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School Lunch Program Extended Through Summer

A photo of children enjoying lunch at school, taken on January 20, 2005
Judy Baxter
(CC BY-NC-ND 2.0)

The same nutrition program that provided needed meals to Montana students during the school closures this spring will continue to feed hungry children this summer.

When schools closed this spring because of the coronavirus pandemic, the state’s Office of Public Instruction (OPI) needed a way to provide for students who receive free or reduced cost meals.

The office turned to the Summer Food Service Program, funded by the U.S. Department of Agriculture (USDA).

The school year is over but the food program continues and has expanded to include districts like West Yellowstone that have not had a summer food program.

West Yellowstone School Superintendent Kevin Flanagan provided his insight.

"The town of West Yellowstone has a summer recreation program for kids up to 12 year old, five to 12 years old. And so we are partnering with the town to provide lunches for them. So they will call us in the morning and give us a count and we’ll provide those lunches for them through this program. Kids who are not aren’t in the program, the summer rec program, they can still come and pick them up at the school as well," Flanagan said.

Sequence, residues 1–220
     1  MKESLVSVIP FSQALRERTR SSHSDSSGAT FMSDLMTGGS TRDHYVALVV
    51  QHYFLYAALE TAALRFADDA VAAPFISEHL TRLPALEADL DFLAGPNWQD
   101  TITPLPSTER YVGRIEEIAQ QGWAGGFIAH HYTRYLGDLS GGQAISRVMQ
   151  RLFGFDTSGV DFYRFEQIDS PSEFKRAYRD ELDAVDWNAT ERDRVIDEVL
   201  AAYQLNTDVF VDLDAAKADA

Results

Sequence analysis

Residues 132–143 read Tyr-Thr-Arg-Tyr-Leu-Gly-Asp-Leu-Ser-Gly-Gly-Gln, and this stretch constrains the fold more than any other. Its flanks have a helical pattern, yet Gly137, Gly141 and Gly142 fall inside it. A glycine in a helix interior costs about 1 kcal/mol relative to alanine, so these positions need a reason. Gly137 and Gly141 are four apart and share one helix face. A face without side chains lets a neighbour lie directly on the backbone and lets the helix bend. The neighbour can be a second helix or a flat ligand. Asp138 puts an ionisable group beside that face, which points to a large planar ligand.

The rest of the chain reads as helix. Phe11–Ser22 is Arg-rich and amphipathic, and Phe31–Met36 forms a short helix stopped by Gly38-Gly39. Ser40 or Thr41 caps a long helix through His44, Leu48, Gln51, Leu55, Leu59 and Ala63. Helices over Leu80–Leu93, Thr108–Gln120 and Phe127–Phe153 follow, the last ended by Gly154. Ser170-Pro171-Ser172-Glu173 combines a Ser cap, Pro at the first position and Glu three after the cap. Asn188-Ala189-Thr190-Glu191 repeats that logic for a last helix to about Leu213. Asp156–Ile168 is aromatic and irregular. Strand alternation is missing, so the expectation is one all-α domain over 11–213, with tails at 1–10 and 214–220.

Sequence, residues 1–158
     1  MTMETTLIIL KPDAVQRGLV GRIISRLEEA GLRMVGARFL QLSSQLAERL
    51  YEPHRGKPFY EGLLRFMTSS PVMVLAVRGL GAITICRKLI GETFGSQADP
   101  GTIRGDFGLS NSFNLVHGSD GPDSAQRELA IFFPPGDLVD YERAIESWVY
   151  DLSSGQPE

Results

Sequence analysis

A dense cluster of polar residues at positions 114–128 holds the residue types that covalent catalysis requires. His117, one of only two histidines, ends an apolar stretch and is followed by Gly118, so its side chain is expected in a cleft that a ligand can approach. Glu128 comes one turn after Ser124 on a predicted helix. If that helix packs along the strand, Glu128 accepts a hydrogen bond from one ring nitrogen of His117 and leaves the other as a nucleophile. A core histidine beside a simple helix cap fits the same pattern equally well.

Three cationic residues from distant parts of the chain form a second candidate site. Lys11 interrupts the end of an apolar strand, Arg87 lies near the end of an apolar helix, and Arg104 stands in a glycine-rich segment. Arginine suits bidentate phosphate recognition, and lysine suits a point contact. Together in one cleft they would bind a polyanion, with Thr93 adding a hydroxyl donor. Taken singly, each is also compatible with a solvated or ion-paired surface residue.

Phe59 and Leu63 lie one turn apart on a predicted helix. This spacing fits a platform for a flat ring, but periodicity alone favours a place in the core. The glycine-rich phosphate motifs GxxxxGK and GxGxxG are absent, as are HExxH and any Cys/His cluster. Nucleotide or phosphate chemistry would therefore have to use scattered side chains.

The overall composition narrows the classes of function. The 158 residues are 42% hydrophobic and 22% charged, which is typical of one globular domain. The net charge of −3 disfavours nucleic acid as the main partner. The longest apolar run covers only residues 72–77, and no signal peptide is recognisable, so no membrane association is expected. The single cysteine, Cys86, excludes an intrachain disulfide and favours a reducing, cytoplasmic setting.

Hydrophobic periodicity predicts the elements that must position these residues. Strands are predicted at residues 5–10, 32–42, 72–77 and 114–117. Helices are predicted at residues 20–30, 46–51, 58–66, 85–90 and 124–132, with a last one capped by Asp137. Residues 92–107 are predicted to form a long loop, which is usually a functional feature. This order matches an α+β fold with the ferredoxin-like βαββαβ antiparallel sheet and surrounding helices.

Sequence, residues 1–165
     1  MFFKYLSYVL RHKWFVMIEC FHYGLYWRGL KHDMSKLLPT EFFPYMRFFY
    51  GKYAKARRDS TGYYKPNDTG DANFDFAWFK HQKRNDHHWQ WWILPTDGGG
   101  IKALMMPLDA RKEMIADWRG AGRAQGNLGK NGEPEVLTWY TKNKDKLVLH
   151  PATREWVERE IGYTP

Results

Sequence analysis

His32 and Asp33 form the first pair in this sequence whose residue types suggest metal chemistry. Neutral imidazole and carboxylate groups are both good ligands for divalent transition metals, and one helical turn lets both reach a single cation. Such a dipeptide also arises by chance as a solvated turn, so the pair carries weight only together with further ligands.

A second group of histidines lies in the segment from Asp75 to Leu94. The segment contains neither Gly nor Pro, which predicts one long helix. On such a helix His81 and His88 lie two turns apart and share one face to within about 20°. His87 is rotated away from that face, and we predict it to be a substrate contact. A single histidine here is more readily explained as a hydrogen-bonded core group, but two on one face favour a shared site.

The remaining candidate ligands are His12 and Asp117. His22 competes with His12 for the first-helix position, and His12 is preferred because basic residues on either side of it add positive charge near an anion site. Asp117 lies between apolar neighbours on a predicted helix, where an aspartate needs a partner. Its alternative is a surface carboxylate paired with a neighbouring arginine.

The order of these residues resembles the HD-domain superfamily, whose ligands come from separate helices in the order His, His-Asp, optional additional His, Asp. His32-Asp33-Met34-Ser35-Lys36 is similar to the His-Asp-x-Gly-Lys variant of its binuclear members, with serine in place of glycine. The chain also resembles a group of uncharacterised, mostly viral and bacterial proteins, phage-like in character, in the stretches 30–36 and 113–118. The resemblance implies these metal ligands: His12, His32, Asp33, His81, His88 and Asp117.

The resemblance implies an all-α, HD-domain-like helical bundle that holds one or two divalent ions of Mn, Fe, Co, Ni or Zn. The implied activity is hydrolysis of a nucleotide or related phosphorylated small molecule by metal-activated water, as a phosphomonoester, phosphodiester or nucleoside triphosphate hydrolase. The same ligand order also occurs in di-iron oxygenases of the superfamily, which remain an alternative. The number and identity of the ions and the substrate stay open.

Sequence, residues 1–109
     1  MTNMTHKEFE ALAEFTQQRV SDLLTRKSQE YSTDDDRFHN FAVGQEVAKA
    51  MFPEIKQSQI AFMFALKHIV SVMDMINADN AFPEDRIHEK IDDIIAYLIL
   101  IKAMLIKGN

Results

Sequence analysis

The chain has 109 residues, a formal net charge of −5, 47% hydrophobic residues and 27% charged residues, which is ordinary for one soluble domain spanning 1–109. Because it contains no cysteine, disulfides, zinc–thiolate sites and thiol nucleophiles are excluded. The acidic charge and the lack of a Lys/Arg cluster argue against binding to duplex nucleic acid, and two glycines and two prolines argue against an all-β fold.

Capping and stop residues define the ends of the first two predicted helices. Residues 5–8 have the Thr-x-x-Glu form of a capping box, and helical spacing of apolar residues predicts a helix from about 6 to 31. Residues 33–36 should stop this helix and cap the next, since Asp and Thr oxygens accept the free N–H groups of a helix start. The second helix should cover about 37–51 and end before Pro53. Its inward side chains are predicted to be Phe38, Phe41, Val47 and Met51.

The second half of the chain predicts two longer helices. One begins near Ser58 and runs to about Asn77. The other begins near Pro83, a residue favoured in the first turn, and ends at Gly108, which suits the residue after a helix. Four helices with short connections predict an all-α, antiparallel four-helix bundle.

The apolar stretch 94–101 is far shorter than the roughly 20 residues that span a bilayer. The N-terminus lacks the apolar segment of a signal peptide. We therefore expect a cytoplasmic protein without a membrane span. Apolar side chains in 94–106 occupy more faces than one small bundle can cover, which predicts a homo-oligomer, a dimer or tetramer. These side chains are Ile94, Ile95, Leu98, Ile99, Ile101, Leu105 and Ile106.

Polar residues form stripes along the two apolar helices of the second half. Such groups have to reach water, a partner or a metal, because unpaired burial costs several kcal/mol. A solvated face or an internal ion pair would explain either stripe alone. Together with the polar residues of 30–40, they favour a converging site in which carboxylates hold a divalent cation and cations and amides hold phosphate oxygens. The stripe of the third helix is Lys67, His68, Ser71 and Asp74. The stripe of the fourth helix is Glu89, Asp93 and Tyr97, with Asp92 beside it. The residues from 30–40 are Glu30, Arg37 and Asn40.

West Yellowstone will be one of some 300 sites around Montana this summer providing free meals.

Parents can locate the nearest site by either texting the word FOOD to 877, 877 or check the USDA website.

The summer food program is open to any child age 18 or unde and is free, says Kim Lloyd, summer food program manager for OPI.

"This is just a fun way for kids to get out into their community, receive a free meal and is open to everyone, regardless of income or current financial status. Even if you don’t feel like you need it, it is a good way for kids to get out and get their meals too," Lloyd said.


Kay Erickson has been working in broadcasting in Billings for more than 20 years. She spent well over a decade as news assignment editor at KTVQ-TV before joining the staff at YPR. She is a graduate of Northern Illinois University, with a degree in broadcast journalism. Shortly after graduation she worked in Great Falls where she was one of the first female sports anchor and reporter in Montana.